One: that’s a bad way to do it. You shouldn’t try and replicate it anyway. You should just try and find a better way to do it. The cool thing about all these digital-first tools is they actually give you ways to fix some of that stuff. And so if you started online, you can just design that whole process better in the first place. You can say, “Hey, before this meeting, I’m actually gonna send you out the document that has all this stuff, and I’m going to expect everyone to have read it.” Or if you don’t want to expect everyone to read it, you can say in the first 10 minutes of the meeting you want them to read through this stuff, and people can be interacting with that document. They can be putting in comments, asking questions, and then folks can be answering each other live, doing work, answering, building clarification, building consensus, building understanding all at the same time, because it can happen in a writing form. These digital tools allow you to do that.
There’s all sorts of other creative ways you can make this work. You can use tools like Mural to do better brainstorms. You can say, “Hey, let’s break out and everyone answers this question at the same time.We don’t need to sit around as a group.” You make sure that the voices of everyone are being heard, and you can also see the dissent easier. You can see even the quiet person saying they are not really on board with an idea. Everyone gets to participate a little bit better and you can use that to better understand the real blockers, and you can also use it to clear up real issues faster.
And so I think when we talk about digital-first tools, that’s the power. The way a lot of this software has been built is to allow you to do that kind of stuff. It allows you to play around with a medium in which work gets done. It doesn’t necessarily have to be this traditional meeting structure.
Sarah: Yeah, I’m a big believer in that and I sit on a lot of video calls, so I don’t think video is going away. But I think there is going to be a combination of richer interaction than just video where one person is communicating.
That being said, have you filtered for this when hiring at Zapier, or do you just teach people about it? Traditionally, there’s been a lot of resistance to this idea of structured meetings and meeting tools. It’s kind of seen as this weird management “F you.” How do you work around that resistance, or filter for it?
Wade: Yeah, you can certainly teach that in onboarding. We teach people how to have better meetings. The first time you experience it and it just works, you’re sold. I find very few people who go through that and are like, “Enh, I’d rather be snoozing through this meeting than actively engaging in it.”
The part that’s a little bit trickier is the prep part, because sometimes it does require a little bit more preparation, a little more discipline. But candidly, that’s just good hygiene for being a good employee. If you want to be good at your job, you should show up prepared. There’s a personality type who can sometimes get away with a little bit of charm and charisma and sort of float through this thing. But I find that in remote settings, that person tends to struggle more because they can’t really hide behind the charm and charisma anymore. They have to show up, be prepared and be ready to dig into this stuff.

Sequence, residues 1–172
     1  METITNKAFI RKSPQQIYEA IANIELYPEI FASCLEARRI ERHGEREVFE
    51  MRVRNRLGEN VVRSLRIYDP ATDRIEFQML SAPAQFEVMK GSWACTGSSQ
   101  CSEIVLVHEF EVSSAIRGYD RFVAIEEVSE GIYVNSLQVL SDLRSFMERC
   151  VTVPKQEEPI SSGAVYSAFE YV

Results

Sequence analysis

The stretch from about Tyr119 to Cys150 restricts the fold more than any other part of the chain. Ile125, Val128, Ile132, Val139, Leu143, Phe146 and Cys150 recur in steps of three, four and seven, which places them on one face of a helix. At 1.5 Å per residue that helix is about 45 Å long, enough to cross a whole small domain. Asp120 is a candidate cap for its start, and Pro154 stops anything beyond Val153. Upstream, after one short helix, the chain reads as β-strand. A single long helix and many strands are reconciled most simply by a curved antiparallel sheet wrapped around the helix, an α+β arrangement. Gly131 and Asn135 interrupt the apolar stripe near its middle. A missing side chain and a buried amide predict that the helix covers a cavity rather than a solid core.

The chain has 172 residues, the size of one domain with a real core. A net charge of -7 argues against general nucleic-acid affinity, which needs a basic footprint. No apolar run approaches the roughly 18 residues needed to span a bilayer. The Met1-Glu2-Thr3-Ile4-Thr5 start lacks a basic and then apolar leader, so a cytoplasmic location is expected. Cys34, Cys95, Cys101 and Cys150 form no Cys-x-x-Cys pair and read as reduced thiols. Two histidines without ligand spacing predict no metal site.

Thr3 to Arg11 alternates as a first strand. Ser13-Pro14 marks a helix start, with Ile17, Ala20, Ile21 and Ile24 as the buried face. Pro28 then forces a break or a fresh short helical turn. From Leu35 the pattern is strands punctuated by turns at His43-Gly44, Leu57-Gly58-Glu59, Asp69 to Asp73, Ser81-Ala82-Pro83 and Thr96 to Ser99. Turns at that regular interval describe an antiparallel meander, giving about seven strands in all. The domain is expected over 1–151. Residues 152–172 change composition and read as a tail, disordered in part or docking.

Sarah: One thing that I’ve heard from other founders and CEOs in our portfolio (and on this podcast) is that they’re worried about breakthrough innovation and creativity while remote. You could believe that this can happen because you’re building your whole company with new products around this. Is that concern well-founded? What do you guys do to encourage brand new product ideas? How do you create space for real creativity?
Wade: This is the big thing, and a few thoughts come to mind. Oftentimes I’ll hear a critique about remote work, and the first example I’ll get is about the random chats; the serendipitous chats that you get inside your company. And my reaction to that is that I understand that that is how it has been done, and it can happen that way, but I feel like leaving your company strategy up to like, a chance encounter in a hallway is a pretty risky proposition on its own. If you are banking on just one employee happening to luck into another employee to create whole new things…I mean, it can work – it’s clearly worked before – but I think I would try and find a better way than that.
To the extent that you can understand what drives innovation and what drives new product ideas, I would try and put your focus on those things. It’s really just carving off time and space to work on those things. So that’s been our approach and it works pretty good for us. I would say it works better than a chance encounter.
Sarah: Yeah, I think it’s a really interesting framing. One thing I’ve always admired about you, Wade, is that you carry a very first-principles thinking approach to even the idea of the hallway interaction or the spontaneous encounter. I hear that all the time and it resonates with me, but the idea that just because we want spontaneous creativity doesn’t mean we can’t design those interactions into our company.
Wade: I’m not saying that hallway conversations aren’t useful or can’t create obvious things because there’s so many examples of where that has happened. To debate that is not possible. I don’t even want to engage in that debate because I’ll lose. I’d rather say, “Well, that’s good that that happens. How can we make that happen more regularly? And how can we make that more predictable?” Because if you can make it more predictable, then you’re really onto something.